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Laura Sasaran

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  • Content Count

    8
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About Laura Sasaran

  • Rank
    Newbie

Profile Information

  • Gender
    Female
  • Location
    San Diego, California
  • Interests
    Walking, swimming, photography, film

Contact Methods

  • Yahoo
    lsasaran@yahoo.com
  1. Thank you for another fabulous TCM course! The historical context you provided for musicals from 1929 to today showed them to be the mirror of our civilization that they are. I will never take them lightly again! Laura Sasaran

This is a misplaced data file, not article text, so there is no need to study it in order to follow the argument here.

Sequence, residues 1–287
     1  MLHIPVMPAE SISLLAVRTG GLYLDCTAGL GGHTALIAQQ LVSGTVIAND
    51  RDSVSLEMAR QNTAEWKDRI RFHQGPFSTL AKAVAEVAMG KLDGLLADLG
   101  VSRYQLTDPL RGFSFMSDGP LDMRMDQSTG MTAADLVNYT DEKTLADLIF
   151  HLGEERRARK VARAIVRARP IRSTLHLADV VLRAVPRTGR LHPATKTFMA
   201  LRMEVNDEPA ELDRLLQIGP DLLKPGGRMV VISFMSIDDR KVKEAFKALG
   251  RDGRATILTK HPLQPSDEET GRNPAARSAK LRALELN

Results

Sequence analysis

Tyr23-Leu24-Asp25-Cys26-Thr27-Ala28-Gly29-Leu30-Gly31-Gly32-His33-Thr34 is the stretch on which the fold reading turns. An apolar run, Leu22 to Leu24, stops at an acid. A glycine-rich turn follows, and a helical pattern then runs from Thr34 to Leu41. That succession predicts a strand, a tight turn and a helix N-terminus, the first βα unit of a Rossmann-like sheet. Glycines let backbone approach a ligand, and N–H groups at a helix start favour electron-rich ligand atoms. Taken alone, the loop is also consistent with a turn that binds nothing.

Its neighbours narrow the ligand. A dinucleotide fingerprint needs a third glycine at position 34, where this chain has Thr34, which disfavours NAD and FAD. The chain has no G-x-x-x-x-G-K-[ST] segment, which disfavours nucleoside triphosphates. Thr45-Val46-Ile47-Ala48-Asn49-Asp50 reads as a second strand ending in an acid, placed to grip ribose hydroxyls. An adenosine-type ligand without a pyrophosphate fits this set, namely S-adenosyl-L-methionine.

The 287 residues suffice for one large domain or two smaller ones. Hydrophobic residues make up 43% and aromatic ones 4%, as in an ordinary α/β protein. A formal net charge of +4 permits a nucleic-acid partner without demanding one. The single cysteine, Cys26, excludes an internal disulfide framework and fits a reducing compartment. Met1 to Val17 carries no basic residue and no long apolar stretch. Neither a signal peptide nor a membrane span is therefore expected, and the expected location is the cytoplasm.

2. Mama Rose's entrance is a Sherman tank coming down the aisle as she abruptly takes over the entire stage. She quickly disarms the director, takes over his job and instructs the conductor on what to play for her performing daughters. Her hat sits atop her head like the lid of the tank as she adroitly pops the balloons of the competing girl. She is the mother of all stage mothers disrupting the performance which is about to put burlesque onstage, a revolution for musicals that harks back to the sexuality of the pre-code era. We leap from the Vaudeville era to the sexual revolution of the 1960s before we can catch our breath. Even Mama Rose isn't ready for this one. Natalie Wood single-handedly liberates women long before the Women's Movement with a lot more charm than the bra-burners had.